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NEW SEASON: NBC's Outsourced deftly finds the funny without being an Ugly American about it

The cast of Outsourced flanks NBC programming head Jeff Gaspin (5th from right) at summertime party in Beverly Hills. Photo: Ed Bark

Premiering: Thursday, Sept. 23rd at 8:30 p.m. (central) on NBC
Starring: Ben Rappaport, Rizwan Manji, Sacha Dhawan, Anisha Nagarajan, Rebecca Hazlewood, Diedrich Bader, Pippa Black, Parveesh Cheena
Produced by: Robert Borden, Ken Kwapis, Alex Beattie

There are perils aplenty here. Or at least many people might be looking very hard to find ways in which NBC's Outsourced offends their sensibilities.

After all, it dares to make a little fun of the name Manmeet. But in turn, this very promising workplace comedy (which follows The Office on Thursday nights) also jumps at the chance to twit the peculiarities of the American culture as seen through the eyes of the natives populating a call center in India.

The setting is the new home abroad for Mid America Novelties and its young manager, Todd Dempsy (Ben Rappaport).

"We had to do a little right-sizing," his boss tells him when Dempsy arrives at work to find rows of empty desks. With $40,000 in student loan debts, he grudgingly accepts the new assignment and quickly encounters Rajiv (Rizwan Manji), who covets his job but is willing to bide his time.

Dempsy isn't an Ugly American type of boss. He's willing to work with the locals and try to understand their culture. In return they must sell the ridiculous junk that Mid America Novelties purveys, ranging from a farting garden gnome to a red brassiere-clad animated bosom dubbed "Jingle Jugs" to a mistletoe that straps onto the crotch area during Christmas season.

"This is how you celebrate the birthday of the son of your God?" inquires the comely Aisha (Rebecca Hazlewood).

Dempsy prefers to see all of this as the "definition of freedom," in which U.S. consumers can spend their money on anything -- including a deer head that sings "Sweet Home Alabama."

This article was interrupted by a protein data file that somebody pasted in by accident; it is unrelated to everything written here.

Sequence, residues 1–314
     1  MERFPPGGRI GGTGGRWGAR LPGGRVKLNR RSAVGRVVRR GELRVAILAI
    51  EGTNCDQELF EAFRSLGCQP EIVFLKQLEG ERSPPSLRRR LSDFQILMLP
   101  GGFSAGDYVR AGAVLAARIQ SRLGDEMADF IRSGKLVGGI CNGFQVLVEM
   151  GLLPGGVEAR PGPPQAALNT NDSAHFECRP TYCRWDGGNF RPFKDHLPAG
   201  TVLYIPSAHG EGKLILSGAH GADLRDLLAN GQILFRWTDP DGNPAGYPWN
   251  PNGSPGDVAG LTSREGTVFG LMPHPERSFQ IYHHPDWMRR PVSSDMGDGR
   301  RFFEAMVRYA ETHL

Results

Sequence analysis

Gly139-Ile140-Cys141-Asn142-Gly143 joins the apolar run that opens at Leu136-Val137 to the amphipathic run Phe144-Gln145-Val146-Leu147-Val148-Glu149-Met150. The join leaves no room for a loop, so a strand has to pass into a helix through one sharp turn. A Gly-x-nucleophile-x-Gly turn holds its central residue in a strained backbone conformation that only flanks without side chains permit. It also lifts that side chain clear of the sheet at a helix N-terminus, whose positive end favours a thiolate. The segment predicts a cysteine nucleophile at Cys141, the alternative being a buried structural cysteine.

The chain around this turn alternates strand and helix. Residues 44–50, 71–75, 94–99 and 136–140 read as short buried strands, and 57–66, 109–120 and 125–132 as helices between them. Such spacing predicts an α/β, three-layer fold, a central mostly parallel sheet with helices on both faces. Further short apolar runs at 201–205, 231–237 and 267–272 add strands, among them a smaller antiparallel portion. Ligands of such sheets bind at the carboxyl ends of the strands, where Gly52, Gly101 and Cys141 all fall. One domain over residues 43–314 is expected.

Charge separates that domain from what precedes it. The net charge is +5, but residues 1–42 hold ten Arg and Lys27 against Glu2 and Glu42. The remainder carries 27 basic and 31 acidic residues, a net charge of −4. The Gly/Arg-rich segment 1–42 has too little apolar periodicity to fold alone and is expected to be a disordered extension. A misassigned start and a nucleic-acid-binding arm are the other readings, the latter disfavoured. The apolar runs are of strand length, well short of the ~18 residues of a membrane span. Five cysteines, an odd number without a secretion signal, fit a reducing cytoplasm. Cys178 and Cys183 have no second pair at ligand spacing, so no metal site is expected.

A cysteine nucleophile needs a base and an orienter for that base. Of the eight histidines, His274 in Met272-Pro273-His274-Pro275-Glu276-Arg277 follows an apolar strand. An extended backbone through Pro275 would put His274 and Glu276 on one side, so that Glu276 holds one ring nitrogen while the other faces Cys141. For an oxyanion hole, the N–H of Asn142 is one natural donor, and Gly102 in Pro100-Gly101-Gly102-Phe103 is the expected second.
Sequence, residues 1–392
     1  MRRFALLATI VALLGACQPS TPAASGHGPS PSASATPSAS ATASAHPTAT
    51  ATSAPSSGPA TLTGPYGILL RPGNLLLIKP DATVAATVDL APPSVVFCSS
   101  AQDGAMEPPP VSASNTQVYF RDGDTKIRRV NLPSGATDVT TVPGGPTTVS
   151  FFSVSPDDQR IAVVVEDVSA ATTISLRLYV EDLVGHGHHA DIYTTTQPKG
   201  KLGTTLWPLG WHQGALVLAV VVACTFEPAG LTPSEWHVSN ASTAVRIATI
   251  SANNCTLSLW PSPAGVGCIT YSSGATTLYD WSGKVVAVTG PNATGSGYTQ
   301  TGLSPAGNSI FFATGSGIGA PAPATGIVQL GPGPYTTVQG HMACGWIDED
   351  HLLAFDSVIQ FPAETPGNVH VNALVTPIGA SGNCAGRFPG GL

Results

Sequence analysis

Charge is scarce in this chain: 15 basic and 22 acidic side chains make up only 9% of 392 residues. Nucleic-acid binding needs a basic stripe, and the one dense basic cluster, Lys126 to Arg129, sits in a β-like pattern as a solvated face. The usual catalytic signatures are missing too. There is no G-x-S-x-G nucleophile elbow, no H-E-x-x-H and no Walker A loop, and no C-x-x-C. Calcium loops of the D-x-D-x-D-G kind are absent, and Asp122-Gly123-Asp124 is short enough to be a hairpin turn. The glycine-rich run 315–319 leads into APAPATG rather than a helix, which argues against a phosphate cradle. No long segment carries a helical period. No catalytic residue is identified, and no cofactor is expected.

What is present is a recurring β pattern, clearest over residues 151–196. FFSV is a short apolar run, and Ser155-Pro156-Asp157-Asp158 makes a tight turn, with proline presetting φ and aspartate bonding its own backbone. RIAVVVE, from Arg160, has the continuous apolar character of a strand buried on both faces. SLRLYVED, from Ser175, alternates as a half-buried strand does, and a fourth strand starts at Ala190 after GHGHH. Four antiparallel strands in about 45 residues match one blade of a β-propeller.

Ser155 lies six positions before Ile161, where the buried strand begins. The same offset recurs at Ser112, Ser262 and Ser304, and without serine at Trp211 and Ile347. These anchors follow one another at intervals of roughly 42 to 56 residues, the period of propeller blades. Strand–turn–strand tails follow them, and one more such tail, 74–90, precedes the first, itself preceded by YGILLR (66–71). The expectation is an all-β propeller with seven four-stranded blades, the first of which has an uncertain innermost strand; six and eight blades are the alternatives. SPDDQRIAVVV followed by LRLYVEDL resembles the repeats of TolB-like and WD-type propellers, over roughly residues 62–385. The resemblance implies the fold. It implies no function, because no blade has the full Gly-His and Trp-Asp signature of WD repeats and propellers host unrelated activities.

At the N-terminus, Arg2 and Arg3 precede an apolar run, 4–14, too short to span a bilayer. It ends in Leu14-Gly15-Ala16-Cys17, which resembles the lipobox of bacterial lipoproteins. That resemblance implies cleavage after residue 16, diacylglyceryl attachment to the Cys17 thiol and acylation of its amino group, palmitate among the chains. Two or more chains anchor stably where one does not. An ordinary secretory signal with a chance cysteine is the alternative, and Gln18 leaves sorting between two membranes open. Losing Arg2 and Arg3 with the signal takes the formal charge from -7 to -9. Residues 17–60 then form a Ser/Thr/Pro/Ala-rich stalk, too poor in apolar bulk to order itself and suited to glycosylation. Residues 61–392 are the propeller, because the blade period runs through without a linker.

He has something of a mentor in Charlie Davies (Diedrich Bader from The Drew Carey Show), who's in India running the All-American Hunter call center. There's also lush Tonya (Pippa Black), manager of the Koala Airlines facility.

Davies pointedly warns Dempsy about the digestive challenges of Indian food shortly before Dempsy challenges each of his new charges to sell at least one "Add-on" during their first full shift together. For instance, the buyer of a Green Bay Packers foam finger also might be talked into ordering an accompanying cheese hat. Dempsy models it and takes no offense at the ensuing laughter.

Particularly challenged is introverted Madhuri (Anisha Nagarajan), who speaks in a barely audible whisper and ends up being the last call-taker without an Add-on" to her credit. This is resolved in a very amusing way, endearing Madhuri to viewers in a way that nicely caps the first episode of Outsourced.

There's lots of room to grow here. And also much to lampoon from the perspectives of both sides of the cultural divide. Outsourced isn't mean-spirited or abrasive. It has an edge but not a serrated one. From this perspective it's the new season's most pleasant surprise -- a comedy that on paper is easy to slam but in reality navigates some tricky terrain without getting all clenched up about it.

GRADE: A-minus